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Area jobless rate drops again

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BY WILLIAM F. WEST
Staff Writer

Wednesday, June 5, 2019

Rocky Mount again has the highest jobless rate of North Carolina’s metropolitan areas, but local leaders remain optimistic such a status is going to become history.

“We’re ready to pass that baton on to someone else,” Rocky Mount Area Chamber of Commerce President and CEO David Farris said.

Farris said he believes the unemployment numbers for the Rocky Mount area are going to look vastly different in approximately a year and a half, given approximately 3,500 potential jobs in the economic development pipeline in the Twin Counties.

Farris cited the commitments of Chinese-based Triangle Tire and New York-based Corning to build facilities in Edgecombe County, as well as Florida-based CSX's commitment to build an intermodal facility across U.S. 301 from N.C. Wesleyan College.

And Farris cited the Council of State approving the shifting of the state Division of Motor Vehicles’ headquarters, effective next year, from Raleigh to the former Hardee’s Food Systems headquarters off U.S. 64.

The latest state Commerce Department statistics, which are for April, show the unemployment rates decreased in all 100 of North Carolina’s counties and all 15 of North Carolina’s metro areas.

Statewide, the unemployment rate for April is 3.6 percent, down from 4.1 percent in March and 4.2 percent in February.

And statewide, the pattern remains consistent, with counties in the western and Raleigh-Durham areas posting the lowest jobless rates and counties in the area of or east of Interstate 95 posting the highest jobless rates.

Buncombe County, home of a revitalized downtown Asheville, posted North Carolina’s lowest jobless rate, at 2.7 percent. Hyde County posted North Carolina’s highest jobless rate, at 8.1 percent.

In the Rocky Mount metro area, the unemployment rate for April is 4.9 percent, down from 5.3 percent in March and 5.5 percent in February.

Edgecombe County posted North Carolina’s fourth highest jobless rate for April, at 5.7 percent.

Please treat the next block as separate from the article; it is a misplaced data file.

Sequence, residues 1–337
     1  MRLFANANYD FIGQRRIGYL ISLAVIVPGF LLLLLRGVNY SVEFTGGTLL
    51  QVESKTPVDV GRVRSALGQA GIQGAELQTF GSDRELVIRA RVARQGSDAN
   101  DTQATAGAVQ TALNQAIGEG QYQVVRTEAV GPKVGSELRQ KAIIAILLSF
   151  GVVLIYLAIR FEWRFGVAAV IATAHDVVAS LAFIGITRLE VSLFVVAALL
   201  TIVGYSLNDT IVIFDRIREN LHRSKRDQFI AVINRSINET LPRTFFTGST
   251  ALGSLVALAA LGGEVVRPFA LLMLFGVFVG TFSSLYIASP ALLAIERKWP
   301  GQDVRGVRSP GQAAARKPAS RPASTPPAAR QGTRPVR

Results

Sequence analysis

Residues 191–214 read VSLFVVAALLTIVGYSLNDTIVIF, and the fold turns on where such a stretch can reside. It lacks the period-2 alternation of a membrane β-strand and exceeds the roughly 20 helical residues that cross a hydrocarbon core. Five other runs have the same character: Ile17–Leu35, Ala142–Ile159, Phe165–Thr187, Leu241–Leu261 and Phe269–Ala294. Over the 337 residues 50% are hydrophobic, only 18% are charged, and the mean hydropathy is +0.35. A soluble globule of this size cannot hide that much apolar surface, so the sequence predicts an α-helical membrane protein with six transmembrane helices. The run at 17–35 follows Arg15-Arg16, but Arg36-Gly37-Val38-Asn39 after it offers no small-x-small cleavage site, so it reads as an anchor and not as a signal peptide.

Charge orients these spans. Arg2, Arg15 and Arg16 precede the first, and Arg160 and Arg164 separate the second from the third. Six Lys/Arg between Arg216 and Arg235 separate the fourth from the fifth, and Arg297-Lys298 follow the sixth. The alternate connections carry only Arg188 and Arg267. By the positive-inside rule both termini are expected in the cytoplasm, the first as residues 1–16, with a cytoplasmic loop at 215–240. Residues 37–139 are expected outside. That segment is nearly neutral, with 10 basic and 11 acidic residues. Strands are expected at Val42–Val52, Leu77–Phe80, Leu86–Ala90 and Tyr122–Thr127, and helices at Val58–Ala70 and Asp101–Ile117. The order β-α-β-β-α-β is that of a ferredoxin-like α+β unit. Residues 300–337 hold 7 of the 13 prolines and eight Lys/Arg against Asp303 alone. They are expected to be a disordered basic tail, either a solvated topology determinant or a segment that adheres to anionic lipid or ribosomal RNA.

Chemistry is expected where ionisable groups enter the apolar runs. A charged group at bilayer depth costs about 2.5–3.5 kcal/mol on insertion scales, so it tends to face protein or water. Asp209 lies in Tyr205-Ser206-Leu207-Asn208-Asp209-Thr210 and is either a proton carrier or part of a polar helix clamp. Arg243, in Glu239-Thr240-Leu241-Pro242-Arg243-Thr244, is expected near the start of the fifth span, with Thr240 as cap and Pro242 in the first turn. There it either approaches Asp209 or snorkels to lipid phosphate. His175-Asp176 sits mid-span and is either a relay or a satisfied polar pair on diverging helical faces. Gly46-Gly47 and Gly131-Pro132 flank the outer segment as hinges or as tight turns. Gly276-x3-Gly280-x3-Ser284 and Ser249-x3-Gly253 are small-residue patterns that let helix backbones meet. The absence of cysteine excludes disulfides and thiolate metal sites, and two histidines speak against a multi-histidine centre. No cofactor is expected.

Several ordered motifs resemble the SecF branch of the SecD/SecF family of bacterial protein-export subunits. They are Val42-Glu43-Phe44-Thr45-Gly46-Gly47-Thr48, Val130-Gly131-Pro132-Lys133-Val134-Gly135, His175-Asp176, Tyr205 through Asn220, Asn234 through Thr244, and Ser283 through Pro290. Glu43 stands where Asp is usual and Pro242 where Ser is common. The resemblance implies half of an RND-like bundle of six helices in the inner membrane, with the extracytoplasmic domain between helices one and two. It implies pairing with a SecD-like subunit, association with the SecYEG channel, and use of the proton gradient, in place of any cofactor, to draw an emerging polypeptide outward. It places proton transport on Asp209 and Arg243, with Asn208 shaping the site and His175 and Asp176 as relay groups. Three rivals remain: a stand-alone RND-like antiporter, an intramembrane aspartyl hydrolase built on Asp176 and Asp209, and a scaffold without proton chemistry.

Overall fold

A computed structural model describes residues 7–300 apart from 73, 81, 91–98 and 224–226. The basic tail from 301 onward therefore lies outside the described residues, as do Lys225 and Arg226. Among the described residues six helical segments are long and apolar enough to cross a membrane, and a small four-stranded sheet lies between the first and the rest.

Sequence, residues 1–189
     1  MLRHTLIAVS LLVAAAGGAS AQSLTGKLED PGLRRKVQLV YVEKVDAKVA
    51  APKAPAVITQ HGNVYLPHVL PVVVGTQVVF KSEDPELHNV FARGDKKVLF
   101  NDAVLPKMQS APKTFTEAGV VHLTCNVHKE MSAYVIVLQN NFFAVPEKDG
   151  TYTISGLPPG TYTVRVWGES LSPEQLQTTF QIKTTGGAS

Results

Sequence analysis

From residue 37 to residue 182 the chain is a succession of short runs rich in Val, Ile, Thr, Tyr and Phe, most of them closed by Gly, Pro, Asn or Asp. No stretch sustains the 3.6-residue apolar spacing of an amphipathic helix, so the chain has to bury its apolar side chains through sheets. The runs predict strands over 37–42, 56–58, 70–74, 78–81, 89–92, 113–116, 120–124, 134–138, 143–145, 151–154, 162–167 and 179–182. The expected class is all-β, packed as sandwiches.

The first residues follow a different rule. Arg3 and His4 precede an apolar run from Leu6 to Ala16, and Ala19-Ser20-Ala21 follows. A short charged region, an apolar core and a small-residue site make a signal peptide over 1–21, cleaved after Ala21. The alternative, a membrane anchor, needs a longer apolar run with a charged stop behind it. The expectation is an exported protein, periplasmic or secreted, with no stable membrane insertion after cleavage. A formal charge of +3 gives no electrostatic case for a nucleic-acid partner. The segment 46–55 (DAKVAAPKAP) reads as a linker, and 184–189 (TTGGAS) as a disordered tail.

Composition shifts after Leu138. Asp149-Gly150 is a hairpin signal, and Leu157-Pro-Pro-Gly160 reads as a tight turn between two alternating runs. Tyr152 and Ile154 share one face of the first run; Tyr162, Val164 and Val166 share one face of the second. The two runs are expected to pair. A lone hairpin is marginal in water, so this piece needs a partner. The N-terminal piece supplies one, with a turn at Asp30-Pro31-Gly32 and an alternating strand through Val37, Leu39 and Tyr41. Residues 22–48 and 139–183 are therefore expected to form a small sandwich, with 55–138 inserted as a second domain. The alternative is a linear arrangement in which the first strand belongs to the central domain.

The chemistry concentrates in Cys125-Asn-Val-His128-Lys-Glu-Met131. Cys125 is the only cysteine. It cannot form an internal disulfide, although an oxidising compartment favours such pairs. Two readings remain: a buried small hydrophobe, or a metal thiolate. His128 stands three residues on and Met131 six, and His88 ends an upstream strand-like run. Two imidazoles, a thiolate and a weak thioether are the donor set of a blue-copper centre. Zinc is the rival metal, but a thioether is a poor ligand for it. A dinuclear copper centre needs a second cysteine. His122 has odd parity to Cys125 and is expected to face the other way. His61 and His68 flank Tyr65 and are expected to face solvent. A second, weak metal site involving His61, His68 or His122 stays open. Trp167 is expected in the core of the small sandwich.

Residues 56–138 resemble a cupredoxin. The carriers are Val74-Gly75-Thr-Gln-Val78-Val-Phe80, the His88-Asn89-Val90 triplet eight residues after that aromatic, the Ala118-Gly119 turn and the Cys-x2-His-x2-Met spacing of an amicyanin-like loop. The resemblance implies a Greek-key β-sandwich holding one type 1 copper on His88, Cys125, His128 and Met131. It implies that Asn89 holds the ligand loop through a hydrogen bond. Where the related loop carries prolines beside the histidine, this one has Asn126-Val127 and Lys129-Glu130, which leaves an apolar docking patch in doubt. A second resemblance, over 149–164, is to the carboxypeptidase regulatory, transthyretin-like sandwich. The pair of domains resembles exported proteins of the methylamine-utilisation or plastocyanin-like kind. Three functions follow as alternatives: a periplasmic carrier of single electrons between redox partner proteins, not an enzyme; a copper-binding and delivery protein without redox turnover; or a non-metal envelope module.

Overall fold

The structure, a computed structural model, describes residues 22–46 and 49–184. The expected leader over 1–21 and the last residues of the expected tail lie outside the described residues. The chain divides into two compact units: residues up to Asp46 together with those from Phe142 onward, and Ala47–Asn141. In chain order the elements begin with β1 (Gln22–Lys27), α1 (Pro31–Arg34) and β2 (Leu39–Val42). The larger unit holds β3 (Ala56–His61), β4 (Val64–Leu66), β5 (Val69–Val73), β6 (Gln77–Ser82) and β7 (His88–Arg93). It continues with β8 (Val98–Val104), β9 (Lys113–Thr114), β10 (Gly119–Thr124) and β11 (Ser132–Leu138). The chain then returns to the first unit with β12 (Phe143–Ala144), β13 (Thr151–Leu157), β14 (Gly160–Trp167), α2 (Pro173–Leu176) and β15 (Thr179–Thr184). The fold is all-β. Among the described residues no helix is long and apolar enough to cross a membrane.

Although Edgecombe County is in the top five for high jobless rates, that 5.7 percent rate is a decrease compared to 6 percent in March and 6.2 percent in February.

Nash County posted the state’s 22nd highest jobless rate for April, at 4.6 percent. That 4.6 percent rate is a decrease compared to 5 percent in March and 5.1 percent in February.

Farris said he believes the Rocky Mount area “took it on the chin” with the North American Free Trade Agreement, Hurricane Floyd and the loss of the Hardee’s headquarters.

“It has really taken us a while to recover because as we lost that, as a country, we went into the Great Recession,” Farris said.

“So, it has taken longer than we would like to have taken, but we’re getting there,” he said of an economic recovery in the Twin Counties. “We’re getting there.”

Carolinas Gateway Partnership President and CEO Norris Tolson said he believes with the economic development, people are going to start seeing the Rocky Mount area no longer No. 1 on the jobless list,

"No question in my mind about that," Tolson said. “We’re getting ready to move into the first phases of our RAMP East recruiting and training effort.” 

RAMP East is the multi-county marketing and recruiting initiative to help get residents into training situations to secure good-paying jobs.

Tolson also noted pilot programs are soon going to be launched at Edgecombe Community College and at Beaufort Community College.

“We’re getting a lot of interest in the program because we’re now moving into the communication phase of getting the message out that this program is going to be available and that people can sign up for it,” he said.

Rocky Mount Downtown Merchants Association President Tarrick Pittman said his focus is always on small businesses.

Pittman said he believes what would help tremendously is if some of the areas of Edgecombe County can have a focus on teaching, training and developing people with the desire to become entrepreneurs.

Pittman said they can be put into positions to open small businesses, which in turn tend to hire local residents.

He said an opportunity such as Triangle Tire, Corning and CSX committing to the Twin Counties only comes along every 10-20 years.

“So in the meantime, mom-and-pop businesses are usually the ones that generally support employment within the community,” he said. “And so I think that a focus on (small businesses) will allow you long-term sustainability within the community.”

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